Disembarking a ship can be a challenge on its best day. Yesterday, we were not in a hurry to leave Enchantment of the Seas as we had a 9am pickup scheduled, so we decided to forgo the priority disembarkation opportunity offered to us by our Royal Caribbean Diamond Plus status, and take our time. In the end, that decision did not cost us that much time, but for some reason, everywhere we went, we were in line behind someone who just didn’t know what to do. Hurry up, and wait seemed to be the rule of the day. I think one of the issues may be the design of the terminal Royal Caribbean uses at Canaveral itself. There are too many escalators and chopped up spaces. In an effort to prevent overcrowding along the way, the local security staff is more dedicated to enforcement of “rules” than any I’ve witnessed. Stop here. Only one person on the escalator until there are three steps in between you and the next person, and heaven forbid you are wearing “croc type shoes” because it’s to the elevator for you. For my safety? Perhaps. And I can live with it, because the baggage claim and customs hall were not oppressively crowded.
We got our bags and picked a line to visit with CBP and hand in our blue forms. Of course, we got in the line behind the person that either didn’t have their documents filled out or didn’t realize a driver’s license alone wasn’t going to cut it to get out of the terminal. Finally, another agent called us around the line blocker. In retrospect, we probably looked like the ideal merchandise smugglers with four bags for a four night cruise, and having only one $25 purchase of a small gift for our nephew to declare. What the agent did not know was that we were traveling with not only our bags for the cruise, but for MrsMJ’s five day stay at Zumba instructor convention (translation – we had a lot more stuff than we would usually be traveling with). We then proceeded to get the most thorough third-degree I’ve experienced from CBP whether returning by air or sea. I’m not an interrogator by nature, so maybe delivering questions with a bit of suspicion and attitude is part of the drill. If so, we got that, and then some. Why are you in a hurry, where do we live, what’s in our bags, where do we work, what specifically do we do at work, any booze, fruit, etc? We calmly answered everything, and just when I was convinced we were going to get sent to have our bags searched, he shoved our passports back at us, and off we went. Not my preferred way to end a rather enjoyable four night cruise, but I digress. But this reminds me…. is it wrong to wish for Global Entry at sea ports? 🙂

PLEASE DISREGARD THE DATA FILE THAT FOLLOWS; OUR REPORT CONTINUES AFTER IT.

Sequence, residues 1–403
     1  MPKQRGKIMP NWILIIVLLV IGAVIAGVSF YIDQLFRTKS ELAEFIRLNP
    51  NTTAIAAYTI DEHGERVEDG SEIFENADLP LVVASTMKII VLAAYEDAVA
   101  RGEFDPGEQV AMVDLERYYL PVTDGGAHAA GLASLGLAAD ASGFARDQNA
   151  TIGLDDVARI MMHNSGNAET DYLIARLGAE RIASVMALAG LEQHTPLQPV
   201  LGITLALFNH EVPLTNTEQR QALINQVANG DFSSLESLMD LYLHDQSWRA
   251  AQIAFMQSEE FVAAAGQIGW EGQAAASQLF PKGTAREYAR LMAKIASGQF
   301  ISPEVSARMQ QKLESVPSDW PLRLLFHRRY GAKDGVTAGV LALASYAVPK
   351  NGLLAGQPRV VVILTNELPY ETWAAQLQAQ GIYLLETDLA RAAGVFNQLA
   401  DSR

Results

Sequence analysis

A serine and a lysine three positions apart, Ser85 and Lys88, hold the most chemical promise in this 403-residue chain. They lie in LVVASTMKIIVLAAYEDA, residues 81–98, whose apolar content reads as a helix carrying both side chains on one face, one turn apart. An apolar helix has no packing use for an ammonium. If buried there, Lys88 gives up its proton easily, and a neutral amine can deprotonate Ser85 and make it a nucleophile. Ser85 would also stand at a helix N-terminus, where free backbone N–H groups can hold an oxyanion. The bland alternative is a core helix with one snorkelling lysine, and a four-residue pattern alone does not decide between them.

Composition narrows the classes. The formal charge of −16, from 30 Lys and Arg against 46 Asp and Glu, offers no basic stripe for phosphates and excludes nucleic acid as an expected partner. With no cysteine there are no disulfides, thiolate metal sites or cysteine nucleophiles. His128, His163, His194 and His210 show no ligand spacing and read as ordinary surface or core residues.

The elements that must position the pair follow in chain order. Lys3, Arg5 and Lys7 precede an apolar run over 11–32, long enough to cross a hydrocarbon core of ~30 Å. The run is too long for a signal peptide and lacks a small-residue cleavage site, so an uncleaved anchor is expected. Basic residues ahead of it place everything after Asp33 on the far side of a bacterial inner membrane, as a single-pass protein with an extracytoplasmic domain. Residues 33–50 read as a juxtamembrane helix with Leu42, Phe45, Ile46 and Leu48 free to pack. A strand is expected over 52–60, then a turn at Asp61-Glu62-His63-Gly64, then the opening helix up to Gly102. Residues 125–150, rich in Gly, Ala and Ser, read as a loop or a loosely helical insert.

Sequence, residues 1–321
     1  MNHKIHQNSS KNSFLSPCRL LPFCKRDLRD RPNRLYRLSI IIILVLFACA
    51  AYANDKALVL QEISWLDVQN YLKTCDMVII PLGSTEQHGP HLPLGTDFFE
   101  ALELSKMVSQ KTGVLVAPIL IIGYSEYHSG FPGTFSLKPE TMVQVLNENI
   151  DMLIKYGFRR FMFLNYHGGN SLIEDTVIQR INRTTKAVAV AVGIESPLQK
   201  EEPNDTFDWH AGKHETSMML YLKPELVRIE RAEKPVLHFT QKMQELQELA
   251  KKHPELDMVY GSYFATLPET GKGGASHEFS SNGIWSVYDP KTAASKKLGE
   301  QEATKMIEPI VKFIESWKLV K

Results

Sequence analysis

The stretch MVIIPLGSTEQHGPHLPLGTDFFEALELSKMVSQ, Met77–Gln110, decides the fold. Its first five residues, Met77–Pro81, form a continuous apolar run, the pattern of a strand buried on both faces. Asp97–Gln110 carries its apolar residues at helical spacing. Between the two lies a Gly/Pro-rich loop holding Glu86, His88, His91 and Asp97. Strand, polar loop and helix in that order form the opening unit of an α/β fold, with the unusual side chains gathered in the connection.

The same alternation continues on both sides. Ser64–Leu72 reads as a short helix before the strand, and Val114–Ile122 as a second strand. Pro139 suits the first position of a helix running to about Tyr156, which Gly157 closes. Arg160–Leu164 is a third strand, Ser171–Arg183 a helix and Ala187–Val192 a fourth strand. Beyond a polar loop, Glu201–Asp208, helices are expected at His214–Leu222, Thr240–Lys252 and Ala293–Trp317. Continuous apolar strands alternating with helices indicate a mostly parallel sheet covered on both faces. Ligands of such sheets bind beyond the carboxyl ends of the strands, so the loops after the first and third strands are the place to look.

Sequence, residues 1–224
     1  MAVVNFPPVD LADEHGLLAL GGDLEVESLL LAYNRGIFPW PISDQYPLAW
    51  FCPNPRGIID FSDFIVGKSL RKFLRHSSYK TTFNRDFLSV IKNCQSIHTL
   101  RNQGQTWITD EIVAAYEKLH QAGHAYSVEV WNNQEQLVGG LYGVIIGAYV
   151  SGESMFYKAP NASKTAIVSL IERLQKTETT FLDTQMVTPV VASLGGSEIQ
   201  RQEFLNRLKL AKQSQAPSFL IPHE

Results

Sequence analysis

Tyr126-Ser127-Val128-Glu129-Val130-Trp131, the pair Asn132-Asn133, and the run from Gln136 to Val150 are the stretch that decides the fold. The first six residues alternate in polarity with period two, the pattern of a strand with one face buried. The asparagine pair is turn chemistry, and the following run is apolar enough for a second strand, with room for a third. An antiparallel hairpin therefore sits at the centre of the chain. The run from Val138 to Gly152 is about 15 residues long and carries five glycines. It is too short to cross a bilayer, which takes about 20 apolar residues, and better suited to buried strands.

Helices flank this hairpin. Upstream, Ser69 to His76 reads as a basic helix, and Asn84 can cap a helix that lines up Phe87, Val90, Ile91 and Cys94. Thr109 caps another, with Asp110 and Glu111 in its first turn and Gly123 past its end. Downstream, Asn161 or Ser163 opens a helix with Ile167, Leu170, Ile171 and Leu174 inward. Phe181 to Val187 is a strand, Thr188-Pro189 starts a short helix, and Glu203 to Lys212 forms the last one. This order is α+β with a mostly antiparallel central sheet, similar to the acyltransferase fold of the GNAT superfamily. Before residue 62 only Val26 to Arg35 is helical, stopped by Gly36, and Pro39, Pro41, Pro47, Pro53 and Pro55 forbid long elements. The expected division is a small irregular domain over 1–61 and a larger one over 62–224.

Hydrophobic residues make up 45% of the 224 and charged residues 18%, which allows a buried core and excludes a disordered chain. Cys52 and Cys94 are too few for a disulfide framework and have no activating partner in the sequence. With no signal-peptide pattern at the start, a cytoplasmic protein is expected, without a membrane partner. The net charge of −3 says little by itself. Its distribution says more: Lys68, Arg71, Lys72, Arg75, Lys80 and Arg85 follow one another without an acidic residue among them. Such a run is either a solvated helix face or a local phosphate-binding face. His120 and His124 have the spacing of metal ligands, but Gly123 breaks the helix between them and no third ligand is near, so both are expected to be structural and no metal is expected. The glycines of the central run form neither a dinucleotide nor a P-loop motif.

Then we arrived at the ever precious Orlando International. Friday in the Orlando area must be “issues” day because I find myself in line behind people that have travel difficulties of some sort. Message to Delta Air Lines – It is a rare event that I trouble you with a visit the Sky Priority line at the ticket counter, so when I do, it means that I really want to talk to an agent, not a machine. Why? Agents that just deal with the machines can’t “see” past the machine. I’m traveling with MrsMJ, a non-Medallion for a short while longer, and she is in a separate PNR. We have four bags to check. Hey, I’m human…. if I can possibly avoid paying a baggage fee, I will. A conversation with an agent would likely have made this easy.